# Truth, Beauty, and Math…

## Art Tips, Beauty, Sacred Art

For most people, when they think about math, the last thing they would describe it as is ‘beautiful.’ For the majority of people, thinking about math surfaces horrific memories of confusing symbols, frustrating equations, and functions that make no sense, despite the tedious effort. I won’t argue that these memories aren’t valid, but I will argue that mathematics has a unique and irreplaceable relationship with beauty

What do I mean by that? Well part of Wikipedia’s definition of math states that “mathematicians resolve the truth or falsity of conjectures through proofs.”

In other words, math is simply a language of communicating found truths through symbols. Math uniquely focuses on the unraveling of natural truths. The sciences do a similar thing, which is partially why the two disciplines are so closely related to one another.

So if math unravels the truth, then it must also have a relationship with beauty. I make this claim because, if you are familiar with the three transcendentals of God —truth, beauty, and goodness– you know that the three have a unique, unbreakable, trinitarian correlation with one another. Oftentimes, the world likes to argue that beauty is in the eye of the beholder, but the church teaches us that there is a deep rooted objectivity to beauty. We believe that in order for something to be beautiful, it must also have truthfulness and goodness. Consider the following quote:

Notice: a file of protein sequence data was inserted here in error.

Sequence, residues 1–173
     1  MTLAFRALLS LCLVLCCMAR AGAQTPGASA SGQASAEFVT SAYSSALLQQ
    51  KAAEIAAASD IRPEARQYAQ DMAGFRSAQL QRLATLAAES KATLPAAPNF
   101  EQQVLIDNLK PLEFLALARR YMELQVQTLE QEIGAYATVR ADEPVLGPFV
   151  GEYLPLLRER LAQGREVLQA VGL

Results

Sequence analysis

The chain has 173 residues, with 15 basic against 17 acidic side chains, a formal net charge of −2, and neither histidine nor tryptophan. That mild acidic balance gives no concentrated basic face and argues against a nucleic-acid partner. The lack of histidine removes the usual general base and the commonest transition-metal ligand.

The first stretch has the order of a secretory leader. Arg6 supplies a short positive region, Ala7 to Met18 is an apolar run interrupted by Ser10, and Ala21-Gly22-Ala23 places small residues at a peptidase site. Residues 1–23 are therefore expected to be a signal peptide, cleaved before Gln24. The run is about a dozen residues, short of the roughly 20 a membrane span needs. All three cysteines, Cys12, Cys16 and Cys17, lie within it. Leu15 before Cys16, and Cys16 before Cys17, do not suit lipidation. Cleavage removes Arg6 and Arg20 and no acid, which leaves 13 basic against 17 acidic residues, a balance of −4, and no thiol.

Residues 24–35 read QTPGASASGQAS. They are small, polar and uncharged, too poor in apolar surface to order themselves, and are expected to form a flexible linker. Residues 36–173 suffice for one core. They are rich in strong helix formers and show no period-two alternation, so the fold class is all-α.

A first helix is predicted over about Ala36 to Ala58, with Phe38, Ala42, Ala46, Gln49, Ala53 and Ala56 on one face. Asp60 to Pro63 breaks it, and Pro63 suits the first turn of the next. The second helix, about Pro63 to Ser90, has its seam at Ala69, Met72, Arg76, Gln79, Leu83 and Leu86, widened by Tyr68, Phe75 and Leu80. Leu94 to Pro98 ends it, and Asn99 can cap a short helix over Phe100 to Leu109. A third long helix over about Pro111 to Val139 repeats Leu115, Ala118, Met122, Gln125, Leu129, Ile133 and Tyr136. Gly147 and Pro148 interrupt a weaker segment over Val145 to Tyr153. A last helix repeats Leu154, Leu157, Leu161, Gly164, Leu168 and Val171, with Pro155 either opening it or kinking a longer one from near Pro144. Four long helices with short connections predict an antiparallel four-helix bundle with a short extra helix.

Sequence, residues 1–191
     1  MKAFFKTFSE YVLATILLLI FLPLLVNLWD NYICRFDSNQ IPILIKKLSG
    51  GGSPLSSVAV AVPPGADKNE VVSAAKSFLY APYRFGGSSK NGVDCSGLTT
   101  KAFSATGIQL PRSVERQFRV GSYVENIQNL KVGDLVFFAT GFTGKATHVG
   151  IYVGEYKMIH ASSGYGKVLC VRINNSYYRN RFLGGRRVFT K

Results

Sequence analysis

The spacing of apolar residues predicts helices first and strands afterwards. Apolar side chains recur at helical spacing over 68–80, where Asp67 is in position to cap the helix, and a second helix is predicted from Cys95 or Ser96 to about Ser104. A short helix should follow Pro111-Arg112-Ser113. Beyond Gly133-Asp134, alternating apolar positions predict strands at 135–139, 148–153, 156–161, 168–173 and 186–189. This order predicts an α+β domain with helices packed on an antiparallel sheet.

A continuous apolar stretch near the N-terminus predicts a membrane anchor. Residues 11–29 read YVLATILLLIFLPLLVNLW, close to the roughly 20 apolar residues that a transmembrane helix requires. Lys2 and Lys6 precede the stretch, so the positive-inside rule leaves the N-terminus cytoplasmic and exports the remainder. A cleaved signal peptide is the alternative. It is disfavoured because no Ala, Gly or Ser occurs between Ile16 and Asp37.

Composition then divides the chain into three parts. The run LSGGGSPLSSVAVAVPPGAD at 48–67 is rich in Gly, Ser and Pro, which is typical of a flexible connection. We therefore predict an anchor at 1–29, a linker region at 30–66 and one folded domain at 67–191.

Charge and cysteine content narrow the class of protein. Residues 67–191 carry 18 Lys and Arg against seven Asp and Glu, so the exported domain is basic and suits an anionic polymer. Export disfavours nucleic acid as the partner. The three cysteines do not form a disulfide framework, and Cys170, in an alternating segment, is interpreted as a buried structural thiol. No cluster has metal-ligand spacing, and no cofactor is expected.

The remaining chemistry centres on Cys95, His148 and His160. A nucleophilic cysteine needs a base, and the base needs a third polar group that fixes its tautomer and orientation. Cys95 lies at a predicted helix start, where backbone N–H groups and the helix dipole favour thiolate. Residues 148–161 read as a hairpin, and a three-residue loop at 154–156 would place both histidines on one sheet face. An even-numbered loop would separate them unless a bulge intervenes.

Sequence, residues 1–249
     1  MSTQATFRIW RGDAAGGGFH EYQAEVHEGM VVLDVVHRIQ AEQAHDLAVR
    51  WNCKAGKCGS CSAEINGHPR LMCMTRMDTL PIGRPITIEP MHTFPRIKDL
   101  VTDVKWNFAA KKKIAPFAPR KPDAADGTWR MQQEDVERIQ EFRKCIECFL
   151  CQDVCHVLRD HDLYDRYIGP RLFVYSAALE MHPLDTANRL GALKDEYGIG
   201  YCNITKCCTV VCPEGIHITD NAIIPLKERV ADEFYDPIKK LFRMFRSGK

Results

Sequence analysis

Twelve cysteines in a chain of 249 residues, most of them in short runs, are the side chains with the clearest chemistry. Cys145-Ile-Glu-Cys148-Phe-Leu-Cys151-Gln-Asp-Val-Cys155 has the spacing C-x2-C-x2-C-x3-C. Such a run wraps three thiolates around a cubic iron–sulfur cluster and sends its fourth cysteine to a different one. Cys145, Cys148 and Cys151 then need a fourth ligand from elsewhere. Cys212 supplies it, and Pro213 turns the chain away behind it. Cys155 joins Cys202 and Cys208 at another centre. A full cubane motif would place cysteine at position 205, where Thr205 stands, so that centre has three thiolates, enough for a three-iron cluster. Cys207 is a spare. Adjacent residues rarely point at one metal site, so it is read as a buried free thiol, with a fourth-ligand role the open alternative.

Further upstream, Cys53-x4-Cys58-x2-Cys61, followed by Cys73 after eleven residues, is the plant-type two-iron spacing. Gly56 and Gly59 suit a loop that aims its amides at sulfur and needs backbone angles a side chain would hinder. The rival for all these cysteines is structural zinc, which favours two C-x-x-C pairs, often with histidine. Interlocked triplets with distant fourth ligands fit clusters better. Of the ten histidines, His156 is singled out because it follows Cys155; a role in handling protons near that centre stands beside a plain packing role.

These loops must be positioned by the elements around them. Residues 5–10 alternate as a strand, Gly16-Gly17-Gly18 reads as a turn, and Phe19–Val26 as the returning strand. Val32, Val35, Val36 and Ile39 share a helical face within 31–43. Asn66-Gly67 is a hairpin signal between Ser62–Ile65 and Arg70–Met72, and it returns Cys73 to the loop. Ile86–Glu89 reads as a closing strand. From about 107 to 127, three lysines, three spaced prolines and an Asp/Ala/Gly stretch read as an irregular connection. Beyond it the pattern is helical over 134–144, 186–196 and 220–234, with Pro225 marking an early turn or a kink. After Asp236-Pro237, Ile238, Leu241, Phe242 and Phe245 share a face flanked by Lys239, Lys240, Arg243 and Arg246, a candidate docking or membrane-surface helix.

“For something to be beautiful, it has to be ordered;

it has to be obedient to a law and to a truth.”

Do you see the math in this sentence? Math is law, and order is the result of obedience to a law. It’s all around us; there’s math in everything. There’s mathematical truths within every star, every plant, within the motion of waves, and the way your body functions. I’d even say that it’s because math structures exist in creation that there exists logic, morality, and objectivity. God made the universe with order and laws, because they teach us the value of obedience and truth. Without this truthfulness and order, all beauty would crumble at the corruption of its intention and the distortion of its form.

Here’s a simple example of this in nature: the world and all its beauty is held together by the law of gravity. You can argue this if you’d like, but I think the world would be less beautiful if all its rocks, houses, and humans were floating around in an atmosphere of ungrounded chaos.

Gravity is the law that nature obeys which sustains its beauty and keeps the order.

Math and science are the natural truths that sustain God’s intended beauty and order for life.